The Sales Improvement Experts

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Bridging the gap between where your sales are today and where they could be tomorrow

Increase Valuable Sales Enquiries

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Does your company receive all the sales enquiries needed to reach your financial goal?

If not, outbound prospecting is the best answer.  Contrary to much that’s written today, prospecting still works. In fact the best salespeople are masters of all the traditional aspects of selling.

Companies and their salespeople can’t leave it all to inbound marketing, content marketing or social media. Most companies don’t receive all the inbound enquires they need to reach their sales plans or financial goals.  Also, most company’s largest and most profitable customers are won by outbound marketing and sales efforts combined.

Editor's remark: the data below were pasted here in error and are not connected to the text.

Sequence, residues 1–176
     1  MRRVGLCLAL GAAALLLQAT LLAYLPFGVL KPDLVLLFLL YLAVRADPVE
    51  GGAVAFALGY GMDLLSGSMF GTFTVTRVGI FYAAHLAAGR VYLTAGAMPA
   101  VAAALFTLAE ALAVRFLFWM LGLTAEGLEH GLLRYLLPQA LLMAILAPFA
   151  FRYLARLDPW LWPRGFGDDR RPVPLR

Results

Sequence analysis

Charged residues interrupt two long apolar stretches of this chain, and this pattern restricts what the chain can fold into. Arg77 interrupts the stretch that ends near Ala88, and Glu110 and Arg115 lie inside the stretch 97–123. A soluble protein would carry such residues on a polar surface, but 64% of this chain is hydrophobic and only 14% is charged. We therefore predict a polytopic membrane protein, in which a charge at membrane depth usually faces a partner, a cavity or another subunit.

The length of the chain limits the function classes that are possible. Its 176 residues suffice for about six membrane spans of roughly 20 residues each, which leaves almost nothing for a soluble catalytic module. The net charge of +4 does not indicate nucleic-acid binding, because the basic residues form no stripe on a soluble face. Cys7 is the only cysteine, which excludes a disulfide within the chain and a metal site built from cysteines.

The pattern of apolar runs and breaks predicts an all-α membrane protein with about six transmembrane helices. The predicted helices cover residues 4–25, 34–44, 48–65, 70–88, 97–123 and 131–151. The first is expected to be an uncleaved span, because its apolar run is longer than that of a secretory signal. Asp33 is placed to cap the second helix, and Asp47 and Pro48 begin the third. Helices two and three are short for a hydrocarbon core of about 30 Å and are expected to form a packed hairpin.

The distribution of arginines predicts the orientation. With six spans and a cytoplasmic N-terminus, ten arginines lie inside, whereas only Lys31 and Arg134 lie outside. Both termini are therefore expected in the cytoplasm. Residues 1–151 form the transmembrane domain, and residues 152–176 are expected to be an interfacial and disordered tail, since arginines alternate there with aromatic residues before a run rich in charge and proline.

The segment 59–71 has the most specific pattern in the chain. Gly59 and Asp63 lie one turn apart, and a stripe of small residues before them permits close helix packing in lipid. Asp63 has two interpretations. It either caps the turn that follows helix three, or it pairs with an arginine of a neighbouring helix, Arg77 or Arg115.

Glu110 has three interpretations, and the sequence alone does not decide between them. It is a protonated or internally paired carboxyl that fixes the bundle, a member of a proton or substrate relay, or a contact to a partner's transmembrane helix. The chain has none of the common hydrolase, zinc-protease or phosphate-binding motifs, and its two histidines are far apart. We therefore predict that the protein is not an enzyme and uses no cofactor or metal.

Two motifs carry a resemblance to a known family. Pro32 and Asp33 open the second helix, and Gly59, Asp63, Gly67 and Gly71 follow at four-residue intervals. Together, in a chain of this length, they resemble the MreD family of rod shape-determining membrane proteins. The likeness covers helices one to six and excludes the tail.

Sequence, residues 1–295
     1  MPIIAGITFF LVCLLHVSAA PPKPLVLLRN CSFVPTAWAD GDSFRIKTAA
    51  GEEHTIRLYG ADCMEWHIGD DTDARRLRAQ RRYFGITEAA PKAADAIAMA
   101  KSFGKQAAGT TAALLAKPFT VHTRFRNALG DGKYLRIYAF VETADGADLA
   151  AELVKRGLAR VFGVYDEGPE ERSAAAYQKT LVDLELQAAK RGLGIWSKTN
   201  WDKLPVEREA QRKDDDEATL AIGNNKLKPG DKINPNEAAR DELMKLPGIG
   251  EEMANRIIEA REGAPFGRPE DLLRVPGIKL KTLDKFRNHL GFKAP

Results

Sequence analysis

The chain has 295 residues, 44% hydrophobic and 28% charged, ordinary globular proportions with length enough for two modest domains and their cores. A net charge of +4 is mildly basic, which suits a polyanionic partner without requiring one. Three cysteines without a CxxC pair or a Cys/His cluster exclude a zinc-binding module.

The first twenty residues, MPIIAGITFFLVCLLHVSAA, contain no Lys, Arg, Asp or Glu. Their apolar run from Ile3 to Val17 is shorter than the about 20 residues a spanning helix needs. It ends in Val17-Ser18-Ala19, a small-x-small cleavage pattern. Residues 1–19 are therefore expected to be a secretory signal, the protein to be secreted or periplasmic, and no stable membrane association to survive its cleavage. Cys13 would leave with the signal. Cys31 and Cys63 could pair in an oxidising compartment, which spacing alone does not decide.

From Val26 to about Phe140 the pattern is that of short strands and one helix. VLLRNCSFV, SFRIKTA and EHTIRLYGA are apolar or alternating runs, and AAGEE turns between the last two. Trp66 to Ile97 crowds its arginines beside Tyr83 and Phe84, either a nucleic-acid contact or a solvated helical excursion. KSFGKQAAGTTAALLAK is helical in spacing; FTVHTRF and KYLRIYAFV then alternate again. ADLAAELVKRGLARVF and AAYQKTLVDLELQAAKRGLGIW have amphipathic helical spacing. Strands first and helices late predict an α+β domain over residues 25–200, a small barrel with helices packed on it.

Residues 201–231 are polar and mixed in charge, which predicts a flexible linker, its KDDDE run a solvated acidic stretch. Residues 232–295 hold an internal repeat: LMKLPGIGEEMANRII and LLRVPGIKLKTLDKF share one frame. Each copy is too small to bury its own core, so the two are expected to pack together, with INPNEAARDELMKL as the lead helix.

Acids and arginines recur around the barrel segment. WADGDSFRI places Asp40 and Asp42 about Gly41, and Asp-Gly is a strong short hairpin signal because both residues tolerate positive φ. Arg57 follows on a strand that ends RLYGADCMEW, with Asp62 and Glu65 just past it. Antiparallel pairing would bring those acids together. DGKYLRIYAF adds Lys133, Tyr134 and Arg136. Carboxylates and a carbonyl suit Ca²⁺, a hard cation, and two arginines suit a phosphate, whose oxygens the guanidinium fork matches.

The best marketers and salespeople are prepared to interrupt prospects and spend a significant proportion of each week doing so. To be effective, good lead generation takes a lot of self-discipline and a sound process.  A database of carefully selected target companies likely to benefit from your particular product or service will need to be keyed into the CRM system.  Email prospecting is the sending of cold emails to targeted organisations. It’s worth remembering that sending a small number of tailored emails to specific decision makers isn’t spamming.

Emailing can be extremely effective and generates very good ROI. A recent study in the US by the Direct Marketing Association found that businesses earn an average of $43 for every $1 invested in email marketing.  That’s a 4,300% ROI.  Not surprisingly, this beats all other advertising channels.  According to a 2015 report by DemandGen, 87% of B2B demand generators listed email as their top channel for generating leads.

In a 2014 study by GigaOm, marketers ranked email marketing as the most effective strategy for acquiring leads, generating sales and retaining customers. Another study by McKinsey & Co found that businesses are 40 times more likely to create a new customer from email marketing than through social media.  A study by SEMPO found that 66% of marketers believe email marketing delivers a “good” or “excellent” ROI, while only 41% of them said they feel the same way about social media.